Apprehension

dictionary with letter A

Ap·pre·hen·sion (n): 1. anxiety or fear that something bad or unpleasant will happen.

A pall in the room.

This is what I created the other night when I casually mentioned that I was diabetic.

Some faces reflected horror; others, pity. But the general disposition of those gathered was that they would have to sit back and listen to a litany of my sad tale or a description of my medications and treatment.

I surprised them because I just don’t do that.

But rather than appreciating the fact that I did not bore them with the elements of my constitution, they looked on me with a bit of dismay. I think they found be blithe.

Yes, if any word has been thrown my way as an insult, it would be blithe and all of its friendly synonyms.

  • “Silly.”
  • “Not careful enough.”
  • “Short-sighted.”
  • “Immature.”
  • “Naive.”
  • “Overly optimistic.”
  • Or even occasionally, “Ignorant.”

But I do not find blithe to be the absence of awareness, but rather, the negating of apprehension.

Case in point: when my doctor told me I had diabetes, I deadpanned in his direction: “Well, now I know what’s gonna kill me.”

He paused, looking into my eyes to see if I was serious, and when I twinkled his way, he laughed. He also spent the next two hours explaining the rigors of my situation and the care I needed to give myself.

I don’t mind giving myself attention–as long as it’s half of what I give to others.

Apprehension has never made my journey sweeter or improved my situation. Matter of fact, it tends to do the opposite.

So if I were to be accused of anything, and I certainly will be, “blithe” would be my preference.

Because the power of living a life which “takes no thought” for certain matters is the realization that my thinking does not always produce positive energy and often fails to even release the serotonin that could make my thinking better.

Do I have apprehensions? Yes.

But I would consider them to be pesky mice in my house … instead of pet hamsters in cages.

 

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Amphetamine

dictionary with letter A

Amphetamine: (n) a synthetic, mood-altering, addictive drug, used illegally as a stimulant and legally to treat ADD in children and narcolepsy in adults.

Thirty seconds to explain what it does and thirty seconds to scare the crap out of you over the side effects.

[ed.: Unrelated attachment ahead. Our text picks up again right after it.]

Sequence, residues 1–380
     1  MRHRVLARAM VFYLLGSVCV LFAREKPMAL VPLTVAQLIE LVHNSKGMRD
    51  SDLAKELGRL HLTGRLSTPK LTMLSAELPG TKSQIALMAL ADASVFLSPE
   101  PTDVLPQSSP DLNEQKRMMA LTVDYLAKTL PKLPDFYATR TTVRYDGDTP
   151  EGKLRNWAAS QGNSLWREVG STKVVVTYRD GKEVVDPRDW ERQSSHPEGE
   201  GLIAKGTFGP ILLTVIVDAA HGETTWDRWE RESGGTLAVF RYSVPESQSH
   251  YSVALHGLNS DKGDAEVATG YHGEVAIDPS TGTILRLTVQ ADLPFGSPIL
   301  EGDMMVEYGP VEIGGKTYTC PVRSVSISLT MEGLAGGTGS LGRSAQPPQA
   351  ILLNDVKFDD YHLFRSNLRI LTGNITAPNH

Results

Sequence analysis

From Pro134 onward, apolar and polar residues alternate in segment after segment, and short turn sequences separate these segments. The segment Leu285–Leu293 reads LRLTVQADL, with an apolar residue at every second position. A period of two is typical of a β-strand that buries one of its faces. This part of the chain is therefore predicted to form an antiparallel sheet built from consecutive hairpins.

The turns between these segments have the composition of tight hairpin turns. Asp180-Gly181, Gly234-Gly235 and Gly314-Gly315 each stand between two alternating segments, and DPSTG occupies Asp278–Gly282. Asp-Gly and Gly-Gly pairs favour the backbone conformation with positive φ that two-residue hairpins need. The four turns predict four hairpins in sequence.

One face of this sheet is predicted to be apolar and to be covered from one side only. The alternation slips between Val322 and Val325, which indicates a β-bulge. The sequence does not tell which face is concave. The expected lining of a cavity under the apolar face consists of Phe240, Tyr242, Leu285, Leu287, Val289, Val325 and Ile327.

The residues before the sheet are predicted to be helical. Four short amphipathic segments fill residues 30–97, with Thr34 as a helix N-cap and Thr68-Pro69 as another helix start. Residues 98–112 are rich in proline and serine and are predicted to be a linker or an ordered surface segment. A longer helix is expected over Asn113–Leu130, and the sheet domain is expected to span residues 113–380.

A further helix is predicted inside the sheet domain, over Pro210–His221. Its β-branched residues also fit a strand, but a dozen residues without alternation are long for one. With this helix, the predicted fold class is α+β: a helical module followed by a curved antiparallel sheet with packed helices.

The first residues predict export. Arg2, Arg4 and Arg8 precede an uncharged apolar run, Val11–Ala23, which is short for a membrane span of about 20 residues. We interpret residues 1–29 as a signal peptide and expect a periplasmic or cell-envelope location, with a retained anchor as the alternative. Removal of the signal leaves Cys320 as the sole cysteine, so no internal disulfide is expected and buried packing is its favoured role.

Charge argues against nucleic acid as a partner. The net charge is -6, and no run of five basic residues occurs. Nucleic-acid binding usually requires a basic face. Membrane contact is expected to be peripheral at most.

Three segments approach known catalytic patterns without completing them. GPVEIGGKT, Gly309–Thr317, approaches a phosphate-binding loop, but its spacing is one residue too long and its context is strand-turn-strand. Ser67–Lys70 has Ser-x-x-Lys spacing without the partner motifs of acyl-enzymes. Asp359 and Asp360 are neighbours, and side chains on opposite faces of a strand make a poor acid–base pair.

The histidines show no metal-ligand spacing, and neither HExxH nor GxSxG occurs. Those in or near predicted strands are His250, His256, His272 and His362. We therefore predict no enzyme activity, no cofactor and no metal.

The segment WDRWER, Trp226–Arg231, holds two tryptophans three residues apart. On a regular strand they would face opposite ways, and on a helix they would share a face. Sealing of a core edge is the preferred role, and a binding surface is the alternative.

That is the construction of the normal commercial on television advertising a new drug.

We need to get away from the concept that drugs are miracles.

Perhaps they are miracles in the sense of describing the Grand Canyon if you’re only viewing it from a safe distance or in some sort of slide show.

But if you’re standing on the edge of the Grand Canyon and leaping head-first into the abyss, it loses some of the glow of its “miraculous.” Then it just becomes a bunch of rocks smashing your brains.

Here’s my truth: use as few drugs as possible.

For me, this became fairly complicated when I was diagnosed with diabetes. They recommend you try to keep your blood sugar down through diet and medication. But with this particular condition, the doctors began to introduce other peripheral possibilities which they decided to pre-medicate by giving me additional drugs, which, separate from their helpful tendencies, are basically poison.

Just as ministers want to make you a sinner and politicians want to put you into a voting block, physicians feel useful when they discover ailments in you.

I don’t hold it against them. It’s their profession. After all, in the process of being paranoid, even crazy people avoid obstacles and difficulties.

But drugs are nothing to mess with–especially amphetamines. It is beyond comprehension that we pump our children full of chemicals to get them to be attentive when it used to be handled in the schoolyard at recess by somebody throwing a ball at your head and saying, “Wake up, Billy!”

It’s not that I recommend the crude treatment of children to one another. But I am not convinced that rattling the human body with deadly potions is a better alternative.

I am not an individual who places great faith in holistic medicine.

I am not against prescribing cures for those who are hurting.

It’s just that I think the truly mature human being needs to step back from any diagnosis, and before popping a pill of purpose, ask if there is any other way.

Because when drugs get done with human beings, they mostly addict us and hurt us.

Therefore, we should only welcome them temporarily … and cautiously.

 

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